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I'm interested in finite-difference approaches to the incompressible Navier-Stokes equations that can handle complex geometry without the use of an unstructured mesh or a non-Cartesian grid. To be clear, I'm aware of standard approaches, e.g. Chorin's projection method, to solving the Navier-Stokes equations on a rectangular domain, but I'd I'd like to know more about what methodologies exist to extend these techniques to more sophisticated geometries.

To clarify my intent, one particularly notable example of what I'm looking for would be Peskin's Immersed Boundary Method.

See below for a more precise statement of the particular problem I'm interested in.


Consider solving the incompressible Navier-Stokes equations \begin{align*} \rho\left(\mathbf{u}_t + (\mathbf{u}\cdot\nabla)\mathbf{u}\right) &= - \nabla p + \mu\Delta\mathbf{u} + \mathbf{f}\\ \nabla\cdot\mathbf{u} &= 0 \end{align*} with $$\mathbf{f} = (f_0,0,0)$$ on the domain $\Omega = [-1,1]^d \setminus C$ where $$C = \left\{\mathbf{x} \in [-1,1]^d : |\mathbf{x}| < \frac{1}{2}\right\}.$$ The boundary conditions are no-slip (i.e., $\mathbf{u} = 0$) except at $\{x=-1\}$ and $\{x=1\}$, where we enforce a periodic boundary condition. In other words, this is periodic Poiseuille flow around a cylinder.

The challenge here lies entirely in enforcing the no-slip condition on $\partial C$, the boundary of the cylinder. A naive -- and inaccurate -- approach is to simply set $\mathbf{u} = 0$ at grid points inside the cylinder every time step. The Immersed Boundary Method is another option. Simply put, what other techniques are out there?

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    $\begingroup$ Hi,As cylinder body and flow pattern are symmetric, you can take half of the domain into account, to avoid extra calculations. I hope this paper will help you to solve your problem. All the best! $\endgroup$ – Shainath May 17 '13 at 5:16
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    $\begingroup$ I wouldn't treat only the half of the domain if you're trying to reproduce the von Karman vortex street in the wake of the cylinder. It's impossible to do so if you impose symmetry. $\endgroup$ – Bill Barth May 17 '13 at 12:18
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    $\begingroup$ There are also discrete IBM methods compared to original continuous Peskin's approach. I would refer you to 10.1146/annurev.fluid.37.061903.175743 for review of IBM methods. $\endgroup$ – Jan Blechta May 17 '13 at 19:55
  • $\begingroup$ @BillBarth Sir,What you are saying is very true, but I was talking about steady flow. Full domain is must for unsteady flow over the cylinder. $\endgroup$ – Shainath May 18 '13 at 5:54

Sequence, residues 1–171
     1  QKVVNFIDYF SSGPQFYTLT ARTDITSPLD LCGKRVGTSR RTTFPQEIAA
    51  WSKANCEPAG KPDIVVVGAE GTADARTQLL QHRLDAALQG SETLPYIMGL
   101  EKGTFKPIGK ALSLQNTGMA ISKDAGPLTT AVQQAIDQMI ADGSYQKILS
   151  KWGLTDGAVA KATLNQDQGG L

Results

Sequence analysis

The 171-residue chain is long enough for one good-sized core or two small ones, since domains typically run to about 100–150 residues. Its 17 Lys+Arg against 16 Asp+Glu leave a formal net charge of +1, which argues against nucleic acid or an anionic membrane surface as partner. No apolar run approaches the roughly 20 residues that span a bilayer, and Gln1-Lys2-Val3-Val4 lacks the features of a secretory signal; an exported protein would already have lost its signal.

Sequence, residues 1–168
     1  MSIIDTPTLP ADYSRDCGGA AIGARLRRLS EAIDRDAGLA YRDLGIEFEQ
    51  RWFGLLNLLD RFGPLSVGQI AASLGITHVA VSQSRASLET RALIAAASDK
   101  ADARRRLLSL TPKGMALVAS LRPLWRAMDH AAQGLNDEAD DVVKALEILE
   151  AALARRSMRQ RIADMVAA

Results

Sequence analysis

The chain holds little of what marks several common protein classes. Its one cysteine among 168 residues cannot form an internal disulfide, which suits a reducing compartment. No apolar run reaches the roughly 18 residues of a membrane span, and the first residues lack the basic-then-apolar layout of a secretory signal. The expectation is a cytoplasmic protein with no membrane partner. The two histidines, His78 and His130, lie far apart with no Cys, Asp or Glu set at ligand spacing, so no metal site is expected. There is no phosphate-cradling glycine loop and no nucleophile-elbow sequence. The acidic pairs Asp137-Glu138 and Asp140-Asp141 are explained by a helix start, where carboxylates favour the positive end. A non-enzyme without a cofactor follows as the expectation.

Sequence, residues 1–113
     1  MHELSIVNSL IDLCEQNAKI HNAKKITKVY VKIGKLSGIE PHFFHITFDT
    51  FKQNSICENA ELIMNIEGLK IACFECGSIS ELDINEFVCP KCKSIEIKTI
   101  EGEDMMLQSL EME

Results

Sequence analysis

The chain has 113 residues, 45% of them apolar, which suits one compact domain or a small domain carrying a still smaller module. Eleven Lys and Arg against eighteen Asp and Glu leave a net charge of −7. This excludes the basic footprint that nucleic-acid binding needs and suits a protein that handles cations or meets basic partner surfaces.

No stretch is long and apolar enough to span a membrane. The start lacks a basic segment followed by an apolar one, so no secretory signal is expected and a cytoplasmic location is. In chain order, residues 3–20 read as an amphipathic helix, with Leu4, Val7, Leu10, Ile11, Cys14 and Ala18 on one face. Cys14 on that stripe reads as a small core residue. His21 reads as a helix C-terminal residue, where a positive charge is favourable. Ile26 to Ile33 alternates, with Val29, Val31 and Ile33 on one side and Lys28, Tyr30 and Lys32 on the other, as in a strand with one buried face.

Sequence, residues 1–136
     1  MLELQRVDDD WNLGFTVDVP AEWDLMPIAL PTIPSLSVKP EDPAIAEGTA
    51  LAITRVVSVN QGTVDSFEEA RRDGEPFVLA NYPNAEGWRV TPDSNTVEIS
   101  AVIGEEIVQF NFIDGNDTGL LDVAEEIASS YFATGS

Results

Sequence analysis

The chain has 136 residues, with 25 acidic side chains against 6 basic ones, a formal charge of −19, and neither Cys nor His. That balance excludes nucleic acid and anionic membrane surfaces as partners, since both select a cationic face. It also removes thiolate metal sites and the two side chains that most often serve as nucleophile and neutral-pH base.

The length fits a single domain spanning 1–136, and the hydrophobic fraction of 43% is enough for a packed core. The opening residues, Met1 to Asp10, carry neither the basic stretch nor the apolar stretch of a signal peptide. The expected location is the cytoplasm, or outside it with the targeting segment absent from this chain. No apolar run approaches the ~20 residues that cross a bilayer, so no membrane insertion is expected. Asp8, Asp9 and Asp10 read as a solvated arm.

• $\begingroup$ @Shainath I should have been more clear in the original question, but I'm interested resolving the transitory start-up flow that results from starting with $u = 0$, so treating half the domain isn't appropriate here, as noted by Bill. $\endgroup$ – Ben May 21 '13 at 4:49
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Is there a reason why you don't want to implement your FDM solver in generalized coordinates? Even if you use the IBM, is still a good idea to have the N-S equations in a generalized coordinate system. Let us say you have a 'S-shaped' geometry, Wouldn't it be better (in terms of grid size) just to make your domain as two curves instead of a box? Documentation on generalized coordinates can be found on the paper of Steger, J.L. (1978) AIAA J. 16, 679-686

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In the past semester, I was busy writing some CFD code for a simulation I needed for an engineering project. I stumbled upon a few methods that can handle complex geometry and still maintain decent simplicity, such as Finite Difference Approximations. You should look for the following:

  • Generalized Finite Difference (also look into Least-Squares approaches within this)
  • Radial basis functions for solution interpolation
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In the title you ask about solving flow past a cylinder on a cartesian grid, but then in the question you talk about what seem to be unstructured grids. If you want to do finite differences on unstructured grids you should take a look at Discrete Exterior Calculus, there is a Python library called PyDEC that may be of use to you.

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I'm coming a long time after the OP asked the question, but I think a general answer is still missing.

If your code allows you to interact with the linear problem you obtain, the simplest is that you remove the lines and columns corresponding to the nodes in the cylinder. You then solve on the unknown part of the velocity only, and you need to rearrange the output into the numbering of the cartesian grid. This is what is done e.g. in the FEM software rheolef to impose Dirichlet boundary conditions, see http://www-ljk.imag.fr/membres/Pierre.Saramito/rheolef/ (first example of the manual), it works also for FDM. But your linear solver has to be not too specialized of course.

Another way is to have a Lagrange multiplier for each node in the cylinder: your constraint is $v_{i,j,k} = 0$ for $x_{i,j,k} \in C$, so you just add lines and columns of 0's with a $1$ at the relevant position for ${i,j,k}$ (e.g. $k*NY*(j*NX+i)$) to the original problem. If your solver cannot solve this new full problem, you can use Uzawa algorithm to solve by iterations of the initial problem and updates of the Lagrange multipliers. See Fortin and Glowinski 1983, Augmented Lagrangian methods

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